The highlight of my pandemic summer was last Friday in Glasgow, Missouri. It was the dedication of the John Donaldson statue at John Donaldson Field at Glasgow High School that is nicely described by Missourian reporter Christina Long.

Even if you claim to be uninterested in baseball, please read on for it’s a feel good story that can be replicated in many communities across America. It’s the story of a local Black kid, who does good, is not fully appreciated in his time, who is later re-discovered in a state far away by a white man who immediately saw the injustice and went to work to amend it. In addition to the heroics of Donaldson and the town of Glasgow, the third hero is Pete Gorton of Minnesota, the founder of the Donaldson Network, who worked for 20 years to accumulate Donaldson’s baseball statistics.

I learned of Donaldson about two months ago by listening to Columbia’s baseball historians Bill Clark and John Kelly describe a Missouri pitcher as good as Satchel Paige. When I saw the announcement of the statue dedication at Glasgow High School, I zipped up on a beautiful sunny day. I appreciated the attention given Donaldson’s achievements but wondered “how do they know all this?” Several speakers thanked Pete Gorton and the Donaldson Network. I expected that Gorton was a local boy who escaped to a big city and returned to remind townsfolk of his success. I was surprised to learn otherwise.

Pete Gorton, a lifelong resident of Minnesota, was asked in 2000 by his former social science teacher to write a chapter for a book on baseball in Minnesota when he became aware of Donaldson’s success in Berta, near his home. Gorton started searching old local newspapers from that era and found plenty of evidence of Donaldson’s achievements. He followed the newspaper trail and at lest count 7,814 newspapers articles have been uncovered by the Donaldson Network, now consisting of at least 700 volunteers.

Donaldson (1891-1970) played professional baseball for 33 years, from 1908 to 1941, but was barred from Major League Baseball because he was Black. He played for 25 different teams, appearing in at least 725 different towns, mainly in the Midwest. Donaldson was a co-founder of the Negro League’s Kansas City Monarchs, and the first Black scout in Major League baseball with the Chicago White Sox in 1949 where he scouted Willie Mays, Ernie Banks and Henry Aaron.

Donaldson was considered the best pitcher of his era; some say of all time. The left-hander won 73% of games he pitched. To circumvent the color barrier, he was offered a sweet deal to go to Cuba, change his name, discontinue contact with his family, never to return to Glasgow to visit his mother and come back as a Cuban ballplayer. He refused saying “I am not ashamed of my race.” His integrity may have been intact, but Donaldson was forgotten by history and buried in an unmarked grave in Chicago in 1970.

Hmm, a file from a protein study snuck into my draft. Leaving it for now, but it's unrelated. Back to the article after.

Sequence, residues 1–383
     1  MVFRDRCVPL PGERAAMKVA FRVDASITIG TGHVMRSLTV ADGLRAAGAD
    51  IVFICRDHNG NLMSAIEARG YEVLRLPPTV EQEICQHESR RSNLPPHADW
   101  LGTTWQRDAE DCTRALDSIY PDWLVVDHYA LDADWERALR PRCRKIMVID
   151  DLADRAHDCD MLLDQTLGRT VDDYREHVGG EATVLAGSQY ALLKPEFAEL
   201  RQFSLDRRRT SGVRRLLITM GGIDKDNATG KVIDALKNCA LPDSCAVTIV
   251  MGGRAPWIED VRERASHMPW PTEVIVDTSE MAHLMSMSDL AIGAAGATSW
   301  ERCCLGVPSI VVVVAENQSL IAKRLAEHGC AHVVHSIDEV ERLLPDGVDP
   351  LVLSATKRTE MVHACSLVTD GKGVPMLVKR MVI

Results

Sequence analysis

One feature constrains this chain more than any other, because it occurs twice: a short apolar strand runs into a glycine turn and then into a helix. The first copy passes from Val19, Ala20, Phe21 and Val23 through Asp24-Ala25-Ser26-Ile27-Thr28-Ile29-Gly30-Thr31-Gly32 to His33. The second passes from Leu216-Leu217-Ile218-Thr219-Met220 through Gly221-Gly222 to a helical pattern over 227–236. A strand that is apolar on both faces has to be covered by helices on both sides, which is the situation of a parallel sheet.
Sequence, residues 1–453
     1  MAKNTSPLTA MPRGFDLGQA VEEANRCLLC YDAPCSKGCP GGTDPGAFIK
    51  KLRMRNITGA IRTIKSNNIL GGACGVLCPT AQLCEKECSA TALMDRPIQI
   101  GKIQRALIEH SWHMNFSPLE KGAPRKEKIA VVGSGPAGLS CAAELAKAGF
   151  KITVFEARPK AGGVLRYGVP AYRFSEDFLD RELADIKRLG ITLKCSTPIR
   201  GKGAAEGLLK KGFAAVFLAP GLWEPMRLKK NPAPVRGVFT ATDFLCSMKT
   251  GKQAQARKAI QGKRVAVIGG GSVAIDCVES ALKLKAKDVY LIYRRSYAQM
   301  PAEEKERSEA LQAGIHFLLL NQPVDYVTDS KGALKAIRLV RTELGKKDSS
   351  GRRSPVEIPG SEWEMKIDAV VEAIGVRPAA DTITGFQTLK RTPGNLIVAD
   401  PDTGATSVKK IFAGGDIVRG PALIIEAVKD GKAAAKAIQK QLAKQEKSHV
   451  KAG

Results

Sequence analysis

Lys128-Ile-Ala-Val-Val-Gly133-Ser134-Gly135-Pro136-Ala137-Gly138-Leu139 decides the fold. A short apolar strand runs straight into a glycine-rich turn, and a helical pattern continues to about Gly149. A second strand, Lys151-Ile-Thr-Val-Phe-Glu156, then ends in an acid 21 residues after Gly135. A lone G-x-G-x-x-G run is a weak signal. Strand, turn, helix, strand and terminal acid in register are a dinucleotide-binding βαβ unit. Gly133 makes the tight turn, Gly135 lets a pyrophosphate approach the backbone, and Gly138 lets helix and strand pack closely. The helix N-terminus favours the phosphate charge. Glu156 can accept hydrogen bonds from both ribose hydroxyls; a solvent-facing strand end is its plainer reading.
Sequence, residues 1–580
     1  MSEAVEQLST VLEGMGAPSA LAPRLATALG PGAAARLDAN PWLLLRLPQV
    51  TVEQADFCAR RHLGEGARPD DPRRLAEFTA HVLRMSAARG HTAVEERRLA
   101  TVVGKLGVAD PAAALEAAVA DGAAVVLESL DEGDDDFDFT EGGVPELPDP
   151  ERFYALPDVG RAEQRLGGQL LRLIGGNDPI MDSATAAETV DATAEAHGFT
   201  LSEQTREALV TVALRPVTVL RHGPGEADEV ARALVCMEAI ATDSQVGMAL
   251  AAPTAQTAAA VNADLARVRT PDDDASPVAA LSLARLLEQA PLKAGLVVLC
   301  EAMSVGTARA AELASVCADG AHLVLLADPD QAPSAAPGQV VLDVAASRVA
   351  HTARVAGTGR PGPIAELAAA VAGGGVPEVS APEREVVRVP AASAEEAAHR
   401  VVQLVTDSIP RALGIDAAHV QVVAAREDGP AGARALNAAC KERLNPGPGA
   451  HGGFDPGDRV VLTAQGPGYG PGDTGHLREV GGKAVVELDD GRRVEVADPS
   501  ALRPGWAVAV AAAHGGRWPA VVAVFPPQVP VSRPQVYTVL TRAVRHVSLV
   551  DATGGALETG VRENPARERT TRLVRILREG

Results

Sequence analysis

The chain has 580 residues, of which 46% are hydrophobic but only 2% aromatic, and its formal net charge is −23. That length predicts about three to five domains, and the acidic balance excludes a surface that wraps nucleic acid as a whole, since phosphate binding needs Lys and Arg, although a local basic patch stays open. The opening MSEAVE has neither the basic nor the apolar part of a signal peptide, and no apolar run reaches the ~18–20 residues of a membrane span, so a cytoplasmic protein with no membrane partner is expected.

To date, the researchers have documented his more than 5,091 strikeouts in at least 413 wins. They are aware of about 200 games that Donaldson’s teams won for which no pitcher is mentioned. Just this spring, the Donaldson Network became aware of a game in Upham, North Dakota, in which there is good reason to believe Donaldson had pitched. A volunteer will soon be headed there to go through old local newspapers for evidence.

Gorton first visited Glasgow on June 10, 2005, for “John Donaldson Day” when he was invited to speak by the local historical society. He has visited several times since, once in 2011 to see a local play about Donaldson. He spoke in Springfield in 2017 when Donaldson was inducted to the Missouri Hall of Fame.

Gorton said he undertook this task to right a racial injustice that he calls a “systematic elimination of a legacy” that denied Donaldson the recognition he is due. The color barrier of Major League Baseball owners kept Black players in small towns where local newspapers often did not report baseball box scores but often reported on the huge crowds attending games when Donaldson’s barnstorming games came to town. Sometimes Black players risked their lives to play in towns where lynchings had occurred. These games were often between Black and white teams that included Major Leaguers in the off-season, among them Babe Ruth. Donaldson was usually the draw and the highest paid player in many leagues.

Donaldson was passed over by the Major League Hall of Fame in 2006 but was to have another shot with the Early Baseball Era Committee this December, a meeting postponed due to COVID-19. Hopefully the work of Gorton and the Donaldson Network, which will be stored forever online, will be persuasive this time.

Speaking at the dedication in Glasgow on Sept. 4, Bob Kendrick, president of Negro Leagues Baseball Museum, said: “It’s worth noting that when statutes symbolizing hate are being torn down around this country, Glasgow is erecting a statue to positive achievement.”

My learning about Glasgow and Gorton reminded me of a Robert Kennedy quote: “It is from the numberless diverse acts of courage and belief that human history is shaped. Each time a man stands up for an ideal or acts to improve the lot of others or strikes out against injustice, he sends forth a tiny ripple of hope, and crossing each other from a million different centers of energy and daring, those ripples build a current that can sweep down the mightiest walls of oppression and resistance.”

Glasgow, which apparently has a mixed record on racial history, as does Columbia, began its effort to recognize Donaldson at least 15 years ago. The people of Glasgow and Gorton deserve kudos for addressing one injustice of history.


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